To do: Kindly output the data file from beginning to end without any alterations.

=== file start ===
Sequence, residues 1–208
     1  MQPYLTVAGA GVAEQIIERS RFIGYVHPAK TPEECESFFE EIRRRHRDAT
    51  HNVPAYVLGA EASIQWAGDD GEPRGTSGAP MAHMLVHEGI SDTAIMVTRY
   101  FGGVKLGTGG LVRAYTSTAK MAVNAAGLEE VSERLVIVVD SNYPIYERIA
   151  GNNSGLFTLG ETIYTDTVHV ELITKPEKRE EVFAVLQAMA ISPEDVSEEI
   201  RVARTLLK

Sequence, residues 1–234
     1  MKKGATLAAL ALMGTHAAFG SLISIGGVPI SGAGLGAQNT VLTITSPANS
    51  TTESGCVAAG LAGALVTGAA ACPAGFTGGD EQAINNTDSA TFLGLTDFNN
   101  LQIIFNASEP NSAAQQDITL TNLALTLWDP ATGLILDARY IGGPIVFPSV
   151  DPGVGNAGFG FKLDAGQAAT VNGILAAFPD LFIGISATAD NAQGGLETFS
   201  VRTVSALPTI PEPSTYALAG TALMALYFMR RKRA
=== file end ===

Sequence, residues 1–208
     1  MQPYLTVAGA GVAEQIIERS RFIGYVHPAK TPEECESFFE EIRRRHRDAT
    51  HNVPAYVLGA EASIQWAGDD GEPRGTSGAP MAHMLVHEGI SDTAIMVTRY
   101  FGGVKLGTGG LVRAYTSTAK MAVNAAGLEE VSERLVIVVD SNYPIYERIA
   151  GNNSGLFTLG ETIYTDTVHV ELITKPEKRE EVFAVLQAMA ISPEDVSEEI
   201  RVARTLLK

Sequence, residues 1–234
     1  MKKGATLAAL ALMGTHAAFG SLISIGGVPI SGAGLGAQNT VLTITSPANS
    51  TTESGCVAAG LAGALVTGAA ACPAGFTGGD EQAINNTDSA TFLGLTDFNN
   101  LQIIFNASEP NSAAQQDITL TNLALTLWDP ATGLILDARY IGGPIVFPSV
   151  DPGVGNAGFG FKLDAGQAAT VNGILAAFPD LFIGISATAD NAQGGLETFS
   201  VRTVSALPTI PEPSTYALAG TALMALYFMR RKRA